Palm oil inches up

September 07, 2013

Palm oil
Palm oil

Malaysian palm oil futures rose on Friday, posting their fourth straight weekly gain, as a weaker ringgit continued to attract more buyers. The Malaysian currency lost a further 0.7 percent against the dollar on Friday, prompting a surge in buying interest in the tropical oil. A weak ringgit makes feedstock cheaper for overseas buyers and refiners.

But gains were capped by investor caution ahead of the September 1-10 export numbers and official August stocks data from the Malaysian Palm Oil Board (MPOB) due on Tuesday. Inventory levels at end-August likely rose to 1.73 million tonnes, their highest level in three months as output outweighed exports, a Reuters survey showed. “Palm oil rebounded back above the 2,400 ringgit level mostly due to a weakening ringgit. Next week, we will have MPOB data coming in, which will likely determine a new price range,” said a trader with a foreign commodities brokerage in Kuala Lumpur.

The benchmark November contract on the Bursa Malaysia Derivatives Exchange ended 1.4 percent higher at 2,445 ringgit ($734) per tonne, after trading in a range of 2,414 to 2,461 ringgit. Total traded volume stood at 30,151 lots of 25 tonnes each, lower than the usual 35,000 lots. Palm oil ended the week 1.7 percent higher, its fourth straight weekly gain, as a weaker ringgit outweighed a US Department of Agriculture report that showed the dry weather damage to US soy crop was not worse than expected.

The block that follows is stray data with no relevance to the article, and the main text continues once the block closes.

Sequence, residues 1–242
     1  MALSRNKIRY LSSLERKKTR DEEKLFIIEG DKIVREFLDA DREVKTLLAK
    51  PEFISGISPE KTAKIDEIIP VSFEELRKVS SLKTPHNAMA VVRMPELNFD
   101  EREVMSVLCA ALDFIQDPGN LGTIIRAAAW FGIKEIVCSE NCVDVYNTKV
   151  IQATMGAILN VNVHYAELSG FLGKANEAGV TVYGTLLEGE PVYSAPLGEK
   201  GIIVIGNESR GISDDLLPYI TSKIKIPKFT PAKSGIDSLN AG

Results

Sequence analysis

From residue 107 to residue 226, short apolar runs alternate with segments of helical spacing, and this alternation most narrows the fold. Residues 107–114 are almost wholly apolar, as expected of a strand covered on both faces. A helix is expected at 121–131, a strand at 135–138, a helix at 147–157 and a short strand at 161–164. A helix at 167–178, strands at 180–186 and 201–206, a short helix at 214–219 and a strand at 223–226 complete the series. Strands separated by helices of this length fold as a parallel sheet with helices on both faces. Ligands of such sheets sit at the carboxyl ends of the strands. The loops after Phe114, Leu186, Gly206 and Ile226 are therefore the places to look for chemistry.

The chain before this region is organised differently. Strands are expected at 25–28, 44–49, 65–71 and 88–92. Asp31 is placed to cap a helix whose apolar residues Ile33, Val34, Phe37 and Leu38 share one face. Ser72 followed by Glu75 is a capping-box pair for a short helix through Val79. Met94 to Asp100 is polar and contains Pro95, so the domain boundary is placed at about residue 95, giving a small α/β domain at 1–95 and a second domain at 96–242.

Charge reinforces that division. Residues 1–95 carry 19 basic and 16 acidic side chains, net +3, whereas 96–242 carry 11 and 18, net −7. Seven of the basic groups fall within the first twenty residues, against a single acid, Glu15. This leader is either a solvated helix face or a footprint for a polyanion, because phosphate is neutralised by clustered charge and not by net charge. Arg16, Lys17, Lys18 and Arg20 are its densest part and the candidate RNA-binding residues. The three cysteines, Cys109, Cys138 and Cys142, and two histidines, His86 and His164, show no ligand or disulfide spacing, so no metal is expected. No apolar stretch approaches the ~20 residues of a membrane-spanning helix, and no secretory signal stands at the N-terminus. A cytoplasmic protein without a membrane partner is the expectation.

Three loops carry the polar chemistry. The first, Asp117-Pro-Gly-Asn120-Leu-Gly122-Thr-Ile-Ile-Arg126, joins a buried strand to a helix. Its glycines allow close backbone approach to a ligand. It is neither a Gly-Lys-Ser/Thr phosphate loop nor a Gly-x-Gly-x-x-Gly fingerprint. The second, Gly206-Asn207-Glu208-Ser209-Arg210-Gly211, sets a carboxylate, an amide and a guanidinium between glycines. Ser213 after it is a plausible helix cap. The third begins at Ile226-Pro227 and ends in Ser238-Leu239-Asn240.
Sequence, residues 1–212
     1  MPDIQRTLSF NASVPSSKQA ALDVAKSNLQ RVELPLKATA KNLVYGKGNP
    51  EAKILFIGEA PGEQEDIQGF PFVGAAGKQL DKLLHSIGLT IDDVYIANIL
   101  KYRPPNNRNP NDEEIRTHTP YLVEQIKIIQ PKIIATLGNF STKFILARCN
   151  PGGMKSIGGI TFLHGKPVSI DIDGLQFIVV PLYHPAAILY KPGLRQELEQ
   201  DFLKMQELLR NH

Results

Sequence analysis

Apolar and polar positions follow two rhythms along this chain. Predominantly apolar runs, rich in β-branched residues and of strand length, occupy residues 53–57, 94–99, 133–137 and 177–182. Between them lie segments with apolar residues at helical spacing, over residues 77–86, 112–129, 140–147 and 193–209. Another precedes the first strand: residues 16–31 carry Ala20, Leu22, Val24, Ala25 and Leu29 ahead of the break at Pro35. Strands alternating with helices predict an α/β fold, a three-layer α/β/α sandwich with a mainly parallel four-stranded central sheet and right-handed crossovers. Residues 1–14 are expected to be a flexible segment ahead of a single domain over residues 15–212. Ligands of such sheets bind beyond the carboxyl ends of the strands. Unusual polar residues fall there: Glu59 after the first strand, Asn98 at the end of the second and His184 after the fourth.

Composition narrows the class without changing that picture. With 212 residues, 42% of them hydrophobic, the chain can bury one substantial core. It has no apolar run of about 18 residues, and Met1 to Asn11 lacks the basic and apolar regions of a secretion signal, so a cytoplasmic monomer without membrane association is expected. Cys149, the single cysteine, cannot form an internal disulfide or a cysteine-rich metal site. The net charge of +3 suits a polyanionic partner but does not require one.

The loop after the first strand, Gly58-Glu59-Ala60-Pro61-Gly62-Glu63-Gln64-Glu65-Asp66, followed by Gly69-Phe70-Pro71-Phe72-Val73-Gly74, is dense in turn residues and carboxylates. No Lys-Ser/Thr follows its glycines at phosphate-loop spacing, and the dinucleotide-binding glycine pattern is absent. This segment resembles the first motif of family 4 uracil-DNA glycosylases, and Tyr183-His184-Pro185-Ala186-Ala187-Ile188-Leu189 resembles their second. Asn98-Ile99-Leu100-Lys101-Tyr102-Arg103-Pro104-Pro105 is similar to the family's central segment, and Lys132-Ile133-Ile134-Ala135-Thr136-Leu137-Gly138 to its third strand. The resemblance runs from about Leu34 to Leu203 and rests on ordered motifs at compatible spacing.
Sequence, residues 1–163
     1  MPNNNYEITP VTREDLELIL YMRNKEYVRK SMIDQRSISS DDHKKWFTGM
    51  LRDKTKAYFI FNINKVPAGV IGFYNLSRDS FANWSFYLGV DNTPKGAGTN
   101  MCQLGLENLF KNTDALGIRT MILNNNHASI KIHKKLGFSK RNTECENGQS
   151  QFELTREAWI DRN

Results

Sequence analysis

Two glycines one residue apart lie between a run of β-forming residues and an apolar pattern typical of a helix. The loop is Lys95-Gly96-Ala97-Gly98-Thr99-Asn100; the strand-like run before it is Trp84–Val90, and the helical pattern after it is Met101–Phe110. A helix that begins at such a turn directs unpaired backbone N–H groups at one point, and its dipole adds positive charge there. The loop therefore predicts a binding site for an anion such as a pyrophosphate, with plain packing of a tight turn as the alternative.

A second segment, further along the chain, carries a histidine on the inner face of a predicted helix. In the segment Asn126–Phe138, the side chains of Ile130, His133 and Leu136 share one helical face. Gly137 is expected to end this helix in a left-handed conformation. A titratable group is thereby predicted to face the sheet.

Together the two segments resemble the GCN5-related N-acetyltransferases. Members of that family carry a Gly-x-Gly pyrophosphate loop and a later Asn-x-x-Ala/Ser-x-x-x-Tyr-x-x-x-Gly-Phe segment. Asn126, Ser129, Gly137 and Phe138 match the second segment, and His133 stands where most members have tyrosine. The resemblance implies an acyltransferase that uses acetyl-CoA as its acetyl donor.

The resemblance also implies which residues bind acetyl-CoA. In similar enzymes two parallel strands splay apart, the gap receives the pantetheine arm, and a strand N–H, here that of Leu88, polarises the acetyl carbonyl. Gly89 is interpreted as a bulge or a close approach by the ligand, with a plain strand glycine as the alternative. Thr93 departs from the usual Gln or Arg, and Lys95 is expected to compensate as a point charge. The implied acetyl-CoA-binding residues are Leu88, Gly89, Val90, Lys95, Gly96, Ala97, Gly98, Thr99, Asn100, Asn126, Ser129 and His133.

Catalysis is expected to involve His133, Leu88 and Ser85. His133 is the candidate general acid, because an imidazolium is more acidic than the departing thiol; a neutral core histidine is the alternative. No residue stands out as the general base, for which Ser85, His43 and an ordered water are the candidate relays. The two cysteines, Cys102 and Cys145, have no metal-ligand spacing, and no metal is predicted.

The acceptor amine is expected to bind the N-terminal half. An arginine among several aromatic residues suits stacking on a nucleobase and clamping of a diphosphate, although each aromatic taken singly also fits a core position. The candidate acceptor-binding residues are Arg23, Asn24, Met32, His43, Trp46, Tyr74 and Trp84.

Palm tracks the soy market closely as palm oil is used as a substitute to soybean oil. Technicals showed palm oil may consolidate in a range of 2,385-2,440 ringgit per tonne for one trading session before falling further, according to Reuters market analyst Wang Tao. In vegetable oil markets, the US soyaoil contract for December gained 1.1 percent in late Asian trade. The most-active January soybean oil contract on the Dalian Commodities Exchange edged up 1.6 percent. Courtesy Reuters

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